Control can be an elusive thing. Like a handful of sand, the tighter you grip it the faster you lose it. This idea has a practical application when it comes to voice-based customer service, especially for large insurance and financial services that use call centers.
Insurance and financial services companies, especially, have a vested interest in providing great customer service. After all, these are the companies that people trust with their money. How can these companies develop and maintain that trust?
Problem #1: The Cost Center
It’s no secret that many companies view their customer service efforts as a cost center. That’s not to say that companies don’t value customer service–they do. Nevertheless, cost-cutting measures have led companies to outsource all of their call center services, a practice known as business process outsourcing (BPO).
Controlling customer experience is even trickier for large enterprises that outsource more than one process, e.g. claims and payments. This could mean that each process has its own dedicated provider, with its own IVR and corps of agents. In this situation, the same customer can call about claims and to make a payment and have drastically different experiences. This is not ideal.
Problem #2: Getting Locked In
Why do companies stick with their call center providers if they’re not getting the desired results? Usually because breaking a contract with a BPO consumes significant time and resources. This creates a “locked in” situation where benefits of breaking a contract don’t outweigh the cost. With so much time and money invested in the current call center(s), no way to force change, and no guarantee that switching to a different vendor will improve things, maintaining the status quo becomes increasingly attractive.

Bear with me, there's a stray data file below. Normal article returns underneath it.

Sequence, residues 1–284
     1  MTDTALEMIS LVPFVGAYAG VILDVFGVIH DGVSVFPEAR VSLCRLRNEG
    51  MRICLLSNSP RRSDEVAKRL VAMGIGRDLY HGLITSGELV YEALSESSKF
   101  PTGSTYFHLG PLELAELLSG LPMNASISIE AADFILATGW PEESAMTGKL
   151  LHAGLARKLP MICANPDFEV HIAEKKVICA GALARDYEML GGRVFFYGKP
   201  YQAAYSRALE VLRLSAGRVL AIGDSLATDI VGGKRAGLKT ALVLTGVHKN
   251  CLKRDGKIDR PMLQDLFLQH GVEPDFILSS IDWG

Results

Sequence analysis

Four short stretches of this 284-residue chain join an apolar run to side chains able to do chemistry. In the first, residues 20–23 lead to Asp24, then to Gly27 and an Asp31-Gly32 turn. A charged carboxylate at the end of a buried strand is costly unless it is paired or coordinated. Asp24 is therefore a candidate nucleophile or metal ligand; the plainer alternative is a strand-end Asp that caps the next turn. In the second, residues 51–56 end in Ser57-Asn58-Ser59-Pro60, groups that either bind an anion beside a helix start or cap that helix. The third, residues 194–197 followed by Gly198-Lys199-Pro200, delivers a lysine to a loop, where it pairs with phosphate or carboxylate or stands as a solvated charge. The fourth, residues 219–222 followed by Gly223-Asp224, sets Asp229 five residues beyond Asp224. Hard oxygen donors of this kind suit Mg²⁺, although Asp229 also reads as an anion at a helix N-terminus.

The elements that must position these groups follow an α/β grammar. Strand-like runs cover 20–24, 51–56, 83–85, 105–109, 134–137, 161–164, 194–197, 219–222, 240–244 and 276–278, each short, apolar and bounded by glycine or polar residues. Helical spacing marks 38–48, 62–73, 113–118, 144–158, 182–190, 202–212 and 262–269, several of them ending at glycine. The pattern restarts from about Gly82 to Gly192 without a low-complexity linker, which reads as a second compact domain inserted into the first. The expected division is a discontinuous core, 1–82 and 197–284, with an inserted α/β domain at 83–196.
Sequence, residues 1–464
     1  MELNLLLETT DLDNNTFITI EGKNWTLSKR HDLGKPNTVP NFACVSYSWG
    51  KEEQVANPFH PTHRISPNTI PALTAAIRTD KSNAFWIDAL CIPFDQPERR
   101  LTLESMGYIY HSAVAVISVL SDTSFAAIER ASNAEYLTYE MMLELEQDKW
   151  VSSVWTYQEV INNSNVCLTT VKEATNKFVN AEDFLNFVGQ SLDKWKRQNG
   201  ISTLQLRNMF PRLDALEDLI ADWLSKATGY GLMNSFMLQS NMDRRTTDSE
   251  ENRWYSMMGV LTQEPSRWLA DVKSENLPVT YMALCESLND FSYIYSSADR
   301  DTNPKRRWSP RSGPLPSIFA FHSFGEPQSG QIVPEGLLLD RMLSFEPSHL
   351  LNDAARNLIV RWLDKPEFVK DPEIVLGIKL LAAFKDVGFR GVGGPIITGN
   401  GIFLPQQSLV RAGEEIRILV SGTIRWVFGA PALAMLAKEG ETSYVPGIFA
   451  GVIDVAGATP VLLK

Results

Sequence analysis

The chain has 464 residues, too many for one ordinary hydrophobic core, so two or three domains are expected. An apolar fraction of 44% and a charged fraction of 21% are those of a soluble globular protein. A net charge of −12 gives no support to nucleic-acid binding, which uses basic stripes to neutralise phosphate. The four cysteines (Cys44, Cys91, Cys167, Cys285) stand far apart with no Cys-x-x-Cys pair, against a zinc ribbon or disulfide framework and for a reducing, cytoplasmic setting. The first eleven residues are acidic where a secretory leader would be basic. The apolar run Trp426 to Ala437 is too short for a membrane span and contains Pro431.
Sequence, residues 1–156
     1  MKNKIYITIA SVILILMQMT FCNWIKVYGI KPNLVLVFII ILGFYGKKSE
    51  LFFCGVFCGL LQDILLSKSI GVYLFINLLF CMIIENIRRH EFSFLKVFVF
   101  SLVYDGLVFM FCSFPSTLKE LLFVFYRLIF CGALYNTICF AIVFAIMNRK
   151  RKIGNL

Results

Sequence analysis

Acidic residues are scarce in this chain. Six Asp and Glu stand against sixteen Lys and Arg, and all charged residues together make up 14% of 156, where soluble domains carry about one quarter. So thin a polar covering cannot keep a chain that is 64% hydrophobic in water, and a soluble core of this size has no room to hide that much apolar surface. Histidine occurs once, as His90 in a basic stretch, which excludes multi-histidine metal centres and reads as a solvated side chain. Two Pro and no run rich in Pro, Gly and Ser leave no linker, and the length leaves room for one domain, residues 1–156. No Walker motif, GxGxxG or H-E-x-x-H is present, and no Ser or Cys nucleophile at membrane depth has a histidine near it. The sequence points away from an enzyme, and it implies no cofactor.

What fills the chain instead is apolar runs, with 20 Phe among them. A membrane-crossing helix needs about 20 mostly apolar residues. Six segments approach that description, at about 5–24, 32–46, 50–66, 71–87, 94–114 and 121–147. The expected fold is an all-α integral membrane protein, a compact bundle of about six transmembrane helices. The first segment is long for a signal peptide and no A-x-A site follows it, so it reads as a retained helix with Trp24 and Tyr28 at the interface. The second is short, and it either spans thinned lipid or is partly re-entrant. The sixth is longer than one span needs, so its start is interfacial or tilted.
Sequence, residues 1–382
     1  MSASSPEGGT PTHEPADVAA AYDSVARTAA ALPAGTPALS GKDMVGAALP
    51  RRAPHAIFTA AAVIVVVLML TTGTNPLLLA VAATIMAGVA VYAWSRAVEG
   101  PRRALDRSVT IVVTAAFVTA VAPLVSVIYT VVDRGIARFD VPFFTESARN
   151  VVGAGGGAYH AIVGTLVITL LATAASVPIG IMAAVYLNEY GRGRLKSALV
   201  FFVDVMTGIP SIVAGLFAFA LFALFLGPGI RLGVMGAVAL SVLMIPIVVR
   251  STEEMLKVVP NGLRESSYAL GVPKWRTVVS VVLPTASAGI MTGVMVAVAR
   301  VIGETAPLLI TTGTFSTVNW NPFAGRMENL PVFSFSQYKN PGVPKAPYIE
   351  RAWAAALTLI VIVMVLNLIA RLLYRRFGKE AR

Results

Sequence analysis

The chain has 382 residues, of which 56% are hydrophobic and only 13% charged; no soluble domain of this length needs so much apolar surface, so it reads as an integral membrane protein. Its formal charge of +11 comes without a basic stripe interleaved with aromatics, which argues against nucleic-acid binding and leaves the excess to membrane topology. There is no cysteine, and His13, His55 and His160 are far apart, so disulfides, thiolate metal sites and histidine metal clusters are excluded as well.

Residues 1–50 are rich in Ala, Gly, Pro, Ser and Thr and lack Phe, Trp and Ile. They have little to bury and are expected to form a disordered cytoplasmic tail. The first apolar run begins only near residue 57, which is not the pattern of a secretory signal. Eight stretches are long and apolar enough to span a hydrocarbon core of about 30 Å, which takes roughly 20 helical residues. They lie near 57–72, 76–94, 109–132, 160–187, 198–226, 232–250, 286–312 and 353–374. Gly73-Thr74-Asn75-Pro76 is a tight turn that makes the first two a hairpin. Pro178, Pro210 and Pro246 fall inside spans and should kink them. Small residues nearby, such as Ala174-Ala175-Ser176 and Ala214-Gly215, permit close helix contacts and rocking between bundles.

But is this necessary?
A Better Way
What if, instead of outsourcing an entire business process, companies just outsourced part of it? The most important point in voice-based customer service is the initial phone call that customers make. If companies can control that initial point of contact with customers, then they can shape the entire process that follows.
A centralized IVR application that fields all of a company’s incoming calls and re-directs them appropriately solves a big part of the control problem. If Insurance Company X has a centralized IVR, it takes the calls and then passes them on to the BPOs based on real-time data and availability.
Here, Company X still outsources the agent component of its call center service, but instead of the call center’s IVR doing all of the work, Company X central IVR ensures that the right calls get to the right agents. Furthermore, because Company X controls where the calls go it accumulates data on these interactions, making it easier to measure vendor performance.
This centralizing approach creates a more consistent customer service experience and makes it easier to personalize that experience for individual callers.
Establishing control over voice-based customer service is step one. Figuring out how to wield that control is a whole different animal, which we cover in the next post Uses for Voice Technology in Customer Service, which highlights three real-world examples in the insurance industry.
This approach really does work. Check out this case study from a client that used this strategy to great success.